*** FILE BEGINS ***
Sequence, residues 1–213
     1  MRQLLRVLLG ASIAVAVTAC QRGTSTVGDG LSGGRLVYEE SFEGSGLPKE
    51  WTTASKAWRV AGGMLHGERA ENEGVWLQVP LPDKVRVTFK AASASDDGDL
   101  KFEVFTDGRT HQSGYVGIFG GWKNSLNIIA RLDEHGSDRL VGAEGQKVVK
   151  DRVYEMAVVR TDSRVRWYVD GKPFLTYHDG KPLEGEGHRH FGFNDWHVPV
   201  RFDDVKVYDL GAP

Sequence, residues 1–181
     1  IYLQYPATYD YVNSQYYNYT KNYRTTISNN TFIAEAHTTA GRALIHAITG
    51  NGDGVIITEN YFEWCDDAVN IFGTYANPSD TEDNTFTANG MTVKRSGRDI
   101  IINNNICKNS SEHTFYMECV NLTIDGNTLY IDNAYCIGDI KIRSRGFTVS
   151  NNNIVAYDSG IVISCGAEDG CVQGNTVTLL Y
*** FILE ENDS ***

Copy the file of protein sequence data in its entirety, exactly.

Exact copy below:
Sequence, residues 1–213
     1  MRQLLRVLLG ASIAVAVTAC QRGTSTVGDG LSGGRLVYEE SFEGSGLPKE
    51  WTTASKAWRV AGGMLHGERA ENEGVWLQVP LPDKVRVTFK AASASDDGDL
   101  KFEVFTDGRT HQSGYVGIFG GWKNSLNIIA RLDEHGSDRL VGAEGQKVVK
   151  DRVYEMAVVR TDSRVRWYVD GKPFLTYHDG KPLEGEGHRH FGFNDWHVPV
   201  RFDDVKVYDL GAP

Sequence, residues 1–181
     1  IYLQYPATYD YVNSQYYNYT KNYRTTISNN TFIAEAHTTA GRALIHAITG
    51  NGDGVIITEN YFEWCDDAVN IFGTYANPSD TEDNTFTANG MTVKRSGRDI
   101  IINNNICKNS SEHTFYMECV NLTIDGNTLY IDNAYCIGDI KIRSRGFTVS
   151  NNNIVAYDSG IVISCGAEDG CVQGNTVTLL Y